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Australia secures 300,000 courses of COVID antiviral


Matt Woodley


5/10/2021 3:43:09 PM

The supply agreement could mean molnupiravir is being used to treat COVID-19 by early 2022, provided it is approved by the TGA.

Molnupiravir pill
Molnupiravir is said to reduce the risk of hospitalisation or death due to COVID by up to 50%.

The deal was announced by Prime Minister Scott Morrison only days after the medication’s developer, Merck, released results indicating that the oral antiviral could significantly reduce the risk of severe illness.
 
If approved by the Therapeutic Goods Administration (TGA), molnupiravir will become the third antiviral used to treat COVID in Australia, following the National COVID-19 Clinical Evidence Taskforce’s June 2020 remdesivir recommendation and recent adoption of monoclonal antibody treatment sotrovimab.
 
However, while remdesivir has attracted some criticism over its cost and apparent modest efficacy, it is hoped molnupiravir could reduce the risk of hospitalisation or death by up to 50%.
 
No details were provided on the cost of the supply agreement, but Prime Minister Morrison said the acquisition will ‘boost’ Australia’s national plan to reopen once vaccination targets are met.
 
‘While our vaccination rate continues to climb, we’ve been investing in and closely monitoring research into COVID-19 treatments and we are securing supply of promising treatments,’ he said.
 
‘If the medical experts at the TGA approve this treatment for use, it will join other COVID-19 treatments such as sotrovimab and remdesivir, which are already available to Australian doctors to help treat those with COVID-19.’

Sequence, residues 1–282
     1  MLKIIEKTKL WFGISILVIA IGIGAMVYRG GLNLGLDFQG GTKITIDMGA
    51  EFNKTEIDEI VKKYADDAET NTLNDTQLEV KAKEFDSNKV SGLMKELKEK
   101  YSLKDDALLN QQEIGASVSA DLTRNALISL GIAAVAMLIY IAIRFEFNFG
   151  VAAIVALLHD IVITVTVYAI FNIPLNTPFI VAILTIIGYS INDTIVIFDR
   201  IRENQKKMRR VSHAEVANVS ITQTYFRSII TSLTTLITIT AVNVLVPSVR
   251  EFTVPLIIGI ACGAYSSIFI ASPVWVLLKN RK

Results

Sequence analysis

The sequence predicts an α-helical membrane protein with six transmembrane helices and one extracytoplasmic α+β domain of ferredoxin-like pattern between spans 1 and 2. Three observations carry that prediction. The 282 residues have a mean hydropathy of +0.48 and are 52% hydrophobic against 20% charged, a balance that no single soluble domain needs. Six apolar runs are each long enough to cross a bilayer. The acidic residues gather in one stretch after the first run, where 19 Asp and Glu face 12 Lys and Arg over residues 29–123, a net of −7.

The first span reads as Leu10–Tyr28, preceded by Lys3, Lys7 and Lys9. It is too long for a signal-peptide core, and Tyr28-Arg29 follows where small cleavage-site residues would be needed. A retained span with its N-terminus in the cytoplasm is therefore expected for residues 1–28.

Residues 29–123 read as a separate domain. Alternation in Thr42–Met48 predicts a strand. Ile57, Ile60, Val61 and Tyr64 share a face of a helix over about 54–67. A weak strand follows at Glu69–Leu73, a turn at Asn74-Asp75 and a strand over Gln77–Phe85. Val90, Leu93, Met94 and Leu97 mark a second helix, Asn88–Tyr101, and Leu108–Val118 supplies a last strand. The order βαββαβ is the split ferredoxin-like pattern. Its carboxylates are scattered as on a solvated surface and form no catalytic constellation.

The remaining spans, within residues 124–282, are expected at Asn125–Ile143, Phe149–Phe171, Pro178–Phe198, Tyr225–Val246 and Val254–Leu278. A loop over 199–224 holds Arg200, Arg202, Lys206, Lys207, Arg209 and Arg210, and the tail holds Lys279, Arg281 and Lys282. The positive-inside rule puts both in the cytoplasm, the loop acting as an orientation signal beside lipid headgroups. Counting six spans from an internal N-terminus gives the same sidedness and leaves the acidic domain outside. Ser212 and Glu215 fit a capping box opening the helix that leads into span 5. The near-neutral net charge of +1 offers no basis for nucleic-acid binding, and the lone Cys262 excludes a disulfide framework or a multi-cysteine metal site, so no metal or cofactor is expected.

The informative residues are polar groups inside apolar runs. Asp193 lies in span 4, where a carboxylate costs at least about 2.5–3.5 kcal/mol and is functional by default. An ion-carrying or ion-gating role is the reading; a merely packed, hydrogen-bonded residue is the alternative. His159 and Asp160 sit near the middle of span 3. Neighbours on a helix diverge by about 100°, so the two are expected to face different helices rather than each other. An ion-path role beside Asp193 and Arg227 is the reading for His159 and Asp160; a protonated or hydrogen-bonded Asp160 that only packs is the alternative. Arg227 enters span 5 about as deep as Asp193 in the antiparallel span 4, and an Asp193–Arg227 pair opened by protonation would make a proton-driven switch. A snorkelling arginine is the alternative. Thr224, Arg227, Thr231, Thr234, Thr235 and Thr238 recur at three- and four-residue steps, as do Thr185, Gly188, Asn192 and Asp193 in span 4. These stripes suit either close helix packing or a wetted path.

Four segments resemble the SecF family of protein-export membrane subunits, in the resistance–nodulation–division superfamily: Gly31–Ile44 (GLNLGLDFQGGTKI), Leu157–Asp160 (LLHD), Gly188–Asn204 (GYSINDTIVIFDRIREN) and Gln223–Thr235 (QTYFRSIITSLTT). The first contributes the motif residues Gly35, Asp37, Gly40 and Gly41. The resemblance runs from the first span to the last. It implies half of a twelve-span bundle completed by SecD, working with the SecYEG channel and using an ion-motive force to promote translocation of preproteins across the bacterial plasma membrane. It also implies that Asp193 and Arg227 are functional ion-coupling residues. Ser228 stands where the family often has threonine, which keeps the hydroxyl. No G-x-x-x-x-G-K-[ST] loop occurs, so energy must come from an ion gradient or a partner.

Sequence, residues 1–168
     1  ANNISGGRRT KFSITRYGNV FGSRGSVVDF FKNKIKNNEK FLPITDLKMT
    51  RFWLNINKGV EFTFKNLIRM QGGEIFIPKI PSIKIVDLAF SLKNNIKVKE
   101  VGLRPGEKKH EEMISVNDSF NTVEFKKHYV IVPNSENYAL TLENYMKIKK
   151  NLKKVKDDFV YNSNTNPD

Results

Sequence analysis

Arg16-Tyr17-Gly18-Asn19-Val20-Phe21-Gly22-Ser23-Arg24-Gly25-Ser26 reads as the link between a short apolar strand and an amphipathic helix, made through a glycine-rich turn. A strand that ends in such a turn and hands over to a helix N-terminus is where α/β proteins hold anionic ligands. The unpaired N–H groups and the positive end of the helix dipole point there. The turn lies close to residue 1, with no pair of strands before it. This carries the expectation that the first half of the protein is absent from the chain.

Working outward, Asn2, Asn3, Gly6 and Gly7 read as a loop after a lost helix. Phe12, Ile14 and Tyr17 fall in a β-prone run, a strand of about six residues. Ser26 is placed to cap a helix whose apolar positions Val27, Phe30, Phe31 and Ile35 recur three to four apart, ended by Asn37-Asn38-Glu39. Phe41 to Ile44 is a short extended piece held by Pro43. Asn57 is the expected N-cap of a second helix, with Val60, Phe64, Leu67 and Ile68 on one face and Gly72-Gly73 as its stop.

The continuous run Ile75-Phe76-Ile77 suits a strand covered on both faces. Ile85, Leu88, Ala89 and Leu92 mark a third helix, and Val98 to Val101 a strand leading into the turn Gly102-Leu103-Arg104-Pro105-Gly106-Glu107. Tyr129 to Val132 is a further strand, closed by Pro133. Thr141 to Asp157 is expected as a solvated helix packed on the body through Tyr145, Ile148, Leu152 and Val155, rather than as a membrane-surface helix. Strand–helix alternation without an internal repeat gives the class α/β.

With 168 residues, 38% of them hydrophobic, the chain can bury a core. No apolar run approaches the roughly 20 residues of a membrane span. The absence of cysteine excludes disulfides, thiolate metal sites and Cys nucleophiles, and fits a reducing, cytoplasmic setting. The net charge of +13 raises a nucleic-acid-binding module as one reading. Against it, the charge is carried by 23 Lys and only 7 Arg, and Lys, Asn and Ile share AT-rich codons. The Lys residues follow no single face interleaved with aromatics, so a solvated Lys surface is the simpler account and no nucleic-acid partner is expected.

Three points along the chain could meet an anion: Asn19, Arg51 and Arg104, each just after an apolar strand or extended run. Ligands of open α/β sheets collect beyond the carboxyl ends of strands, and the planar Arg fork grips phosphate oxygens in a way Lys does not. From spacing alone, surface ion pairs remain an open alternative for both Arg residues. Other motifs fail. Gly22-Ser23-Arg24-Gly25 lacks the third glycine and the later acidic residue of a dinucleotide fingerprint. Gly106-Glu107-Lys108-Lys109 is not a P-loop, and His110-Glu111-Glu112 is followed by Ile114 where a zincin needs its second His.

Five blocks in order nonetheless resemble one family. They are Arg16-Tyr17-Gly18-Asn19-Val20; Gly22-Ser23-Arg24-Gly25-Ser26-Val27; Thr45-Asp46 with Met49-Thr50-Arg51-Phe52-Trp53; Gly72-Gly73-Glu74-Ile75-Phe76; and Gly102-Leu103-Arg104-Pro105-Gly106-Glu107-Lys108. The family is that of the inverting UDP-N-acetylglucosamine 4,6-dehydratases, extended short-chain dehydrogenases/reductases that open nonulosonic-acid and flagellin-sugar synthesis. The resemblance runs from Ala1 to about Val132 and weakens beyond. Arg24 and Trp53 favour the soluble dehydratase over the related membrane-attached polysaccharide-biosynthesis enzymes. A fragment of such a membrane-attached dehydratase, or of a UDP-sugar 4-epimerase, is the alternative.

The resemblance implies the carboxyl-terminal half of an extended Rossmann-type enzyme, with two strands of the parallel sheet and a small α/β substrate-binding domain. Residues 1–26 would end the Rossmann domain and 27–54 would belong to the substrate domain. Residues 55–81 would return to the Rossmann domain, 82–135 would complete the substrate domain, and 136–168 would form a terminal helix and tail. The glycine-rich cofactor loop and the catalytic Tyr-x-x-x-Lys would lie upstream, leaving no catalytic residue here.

The new deal was revealed a day after Federal Health Minister Greg Hunt confirmed 15,000 additional doses of monoclonal antibody treatment sotrovimab had arrived on Australia’s shores, bringing the total number secured so far to 31,000.
 
However, while sotrovimab has been shown to reduce hospitalisation or death by 79% in adults with mild-to-moderate COVID-19 at high risk of progression to severe disease, its intravenous administration means its use may not be feasible in rural and remote parts of the country.
 
By contrast, molnupiravir is taken orally twice a day for five days and does not need to be refrigerated.
 
Minister Hunt has said the TGA is allowing safety and efficacy data on COVID-19 treatments to be provided as it becomes available to allow for early approval in Australia. However, he stressed that vaccination remains ‘the most important and safest way for Australians to protect themselves and their loved ones from COVID-19’.
 
Victoria’s Chief Health Officer Professor Brett Sutton also welcomed the news, but similarly cautioned that it is no substitute for vaccination.
 
‘That is a really important intervention that could be part of a new class of drugs, antiviral drugs, that really change the face [of illness],’ he told reporters in Melbourne.
 
‘Antivirals are great if you are developing illness regardless, but getting vaccinated will be 10, 20, 50 times more powerful an intervention in preventing severe illness than any antiviral that’s currently available’.
 
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